Employee-Targeted Digital Risk represents the threat surface of attacks that come to the enterprise via the team’s personal devices, personal accounts and digital lives. These attacks take a variety of forms, but what they have in common is that they circumvent the extensive cybersecurity controls companies have in place by targeting accounts and devices outside the company’s purview and then using that access to move laterally to company systems and data. Sometimes these incidents start with a specific target company, and bad actors will identify a vulnerable employee. In other cases, these incidents start with vulnerable or exposed personal data, and target companies are chosen opportunistically.
We in the industry have been speaking on this extensively for several years—for example, Martin Casado of Andressen Horowitz dug into this problem in 2019 in The New Attack Surface is Your Life, and my company and Strategy of Security collaborated on a recent whitepaper—but only recently has the threat surface become more talked about. Historically, news around data breaches focused on the point of exfiltration and the consequences—but less on the area of exposure.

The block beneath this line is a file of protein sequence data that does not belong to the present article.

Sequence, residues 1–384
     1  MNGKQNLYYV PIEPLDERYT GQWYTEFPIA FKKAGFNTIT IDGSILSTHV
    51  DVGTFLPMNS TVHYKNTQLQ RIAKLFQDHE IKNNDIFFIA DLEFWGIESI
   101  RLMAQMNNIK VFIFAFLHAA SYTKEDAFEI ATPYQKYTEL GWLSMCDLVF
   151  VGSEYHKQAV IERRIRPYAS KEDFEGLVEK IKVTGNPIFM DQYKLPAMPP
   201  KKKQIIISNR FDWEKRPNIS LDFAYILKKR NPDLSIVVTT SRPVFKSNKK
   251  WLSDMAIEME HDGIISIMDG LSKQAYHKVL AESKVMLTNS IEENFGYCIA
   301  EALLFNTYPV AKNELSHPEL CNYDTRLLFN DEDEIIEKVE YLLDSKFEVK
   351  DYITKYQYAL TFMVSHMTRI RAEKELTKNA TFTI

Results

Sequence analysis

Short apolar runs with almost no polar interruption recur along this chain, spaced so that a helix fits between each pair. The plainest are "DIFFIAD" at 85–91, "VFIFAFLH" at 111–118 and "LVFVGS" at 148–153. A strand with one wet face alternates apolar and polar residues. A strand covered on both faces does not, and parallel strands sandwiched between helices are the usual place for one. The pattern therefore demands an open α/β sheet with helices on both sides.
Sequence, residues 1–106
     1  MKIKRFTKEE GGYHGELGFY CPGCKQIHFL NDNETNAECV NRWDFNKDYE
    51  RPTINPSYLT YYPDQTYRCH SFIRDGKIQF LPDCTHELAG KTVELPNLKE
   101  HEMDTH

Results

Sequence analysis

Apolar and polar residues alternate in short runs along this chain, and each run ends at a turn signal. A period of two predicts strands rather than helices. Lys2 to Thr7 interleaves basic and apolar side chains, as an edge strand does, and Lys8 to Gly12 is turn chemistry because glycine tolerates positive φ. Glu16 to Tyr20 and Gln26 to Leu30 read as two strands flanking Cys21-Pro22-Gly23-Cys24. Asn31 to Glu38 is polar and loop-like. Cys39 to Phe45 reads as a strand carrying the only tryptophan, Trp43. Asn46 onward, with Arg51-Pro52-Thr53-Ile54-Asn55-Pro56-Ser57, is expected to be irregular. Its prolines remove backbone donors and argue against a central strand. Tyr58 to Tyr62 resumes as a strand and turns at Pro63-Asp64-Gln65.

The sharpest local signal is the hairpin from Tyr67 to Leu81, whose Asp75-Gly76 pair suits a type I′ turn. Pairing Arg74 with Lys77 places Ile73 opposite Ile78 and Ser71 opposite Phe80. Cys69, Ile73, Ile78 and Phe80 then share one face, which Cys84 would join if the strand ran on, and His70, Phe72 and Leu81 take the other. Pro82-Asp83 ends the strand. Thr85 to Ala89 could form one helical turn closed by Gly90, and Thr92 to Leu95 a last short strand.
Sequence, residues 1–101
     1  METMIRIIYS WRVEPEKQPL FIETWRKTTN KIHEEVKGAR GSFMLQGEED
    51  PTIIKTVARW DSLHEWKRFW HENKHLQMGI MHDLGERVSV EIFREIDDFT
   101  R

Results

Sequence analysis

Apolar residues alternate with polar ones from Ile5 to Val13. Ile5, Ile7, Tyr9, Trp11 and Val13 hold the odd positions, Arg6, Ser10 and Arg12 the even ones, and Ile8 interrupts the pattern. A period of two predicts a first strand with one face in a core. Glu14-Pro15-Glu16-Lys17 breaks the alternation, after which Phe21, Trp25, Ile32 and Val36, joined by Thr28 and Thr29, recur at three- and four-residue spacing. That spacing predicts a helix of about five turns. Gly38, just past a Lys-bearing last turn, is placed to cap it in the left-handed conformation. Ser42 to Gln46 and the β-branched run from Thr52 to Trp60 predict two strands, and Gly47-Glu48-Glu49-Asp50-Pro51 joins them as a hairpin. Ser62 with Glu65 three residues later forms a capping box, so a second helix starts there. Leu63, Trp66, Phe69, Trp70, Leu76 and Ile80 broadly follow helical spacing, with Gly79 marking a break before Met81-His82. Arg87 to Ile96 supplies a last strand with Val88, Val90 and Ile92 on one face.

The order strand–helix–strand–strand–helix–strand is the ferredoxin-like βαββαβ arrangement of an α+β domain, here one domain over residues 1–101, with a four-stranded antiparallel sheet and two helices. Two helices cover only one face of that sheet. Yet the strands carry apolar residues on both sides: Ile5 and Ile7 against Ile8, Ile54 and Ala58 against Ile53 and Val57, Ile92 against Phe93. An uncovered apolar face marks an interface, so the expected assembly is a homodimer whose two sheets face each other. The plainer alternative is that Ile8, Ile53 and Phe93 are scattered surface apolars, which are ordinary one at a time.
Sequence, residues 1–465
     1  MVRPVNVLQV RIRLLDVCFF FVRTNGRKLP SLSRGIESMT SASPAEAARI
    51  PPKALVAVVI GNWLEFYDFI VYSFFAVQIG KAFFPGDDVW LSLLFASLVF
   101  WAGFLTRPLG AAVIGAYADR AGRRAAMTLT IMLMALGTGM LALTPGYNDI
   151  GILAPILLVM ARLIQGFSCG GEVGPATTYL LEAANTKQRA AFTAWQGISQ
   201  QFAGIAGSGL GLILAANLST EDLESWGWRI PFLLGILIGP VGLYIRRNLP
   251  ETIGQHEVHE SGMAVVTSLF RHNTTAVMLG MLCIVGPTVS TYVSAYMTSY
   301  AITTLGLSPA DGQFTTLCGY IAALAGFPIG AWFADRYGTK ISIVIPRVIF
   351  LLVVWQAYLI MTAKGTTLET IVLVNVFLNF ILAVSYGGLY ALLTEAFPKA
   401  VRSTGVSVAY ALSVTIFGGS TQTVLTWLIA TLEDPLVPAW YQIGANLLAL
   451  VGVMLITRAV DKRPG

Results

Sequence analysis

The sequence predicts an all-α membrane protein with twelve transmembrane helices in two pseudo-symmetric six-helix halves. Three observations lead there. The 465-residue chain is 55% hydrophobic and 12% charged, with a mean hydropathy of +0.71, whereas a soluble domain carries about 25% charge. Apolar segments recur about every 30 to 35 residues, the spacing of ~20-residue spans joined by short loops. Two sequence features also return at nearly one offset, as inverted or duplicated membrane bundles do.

In 2022 alone, we saw incidents at Microsoft, Cisco and Uber originate in employees’ personal lives, and the 2021 Colonial Pipeline data breach played havoc with mid-Atlantic energy markets. What these breaches had in common was that they originated outside corporate-controlled systems. In each case, attackers compromised the employee’s personal accounts first. This is why protecting employees outside of work through personalized cybersecurity management (PCM) is becoming a business necessity.
While many chief information security officers (CISOs) are looking ahead to address employee digital risk proactively, some aren’t yet concerned. I still sometimes hear such explanations as, “We use multifactor authentication on everything,” “Our corporate software is containerized on employee devices” and “Employees can only access email.” I’m sure these statements are factual, but the reality of many high-profile attacks proves that these compromises are still possible.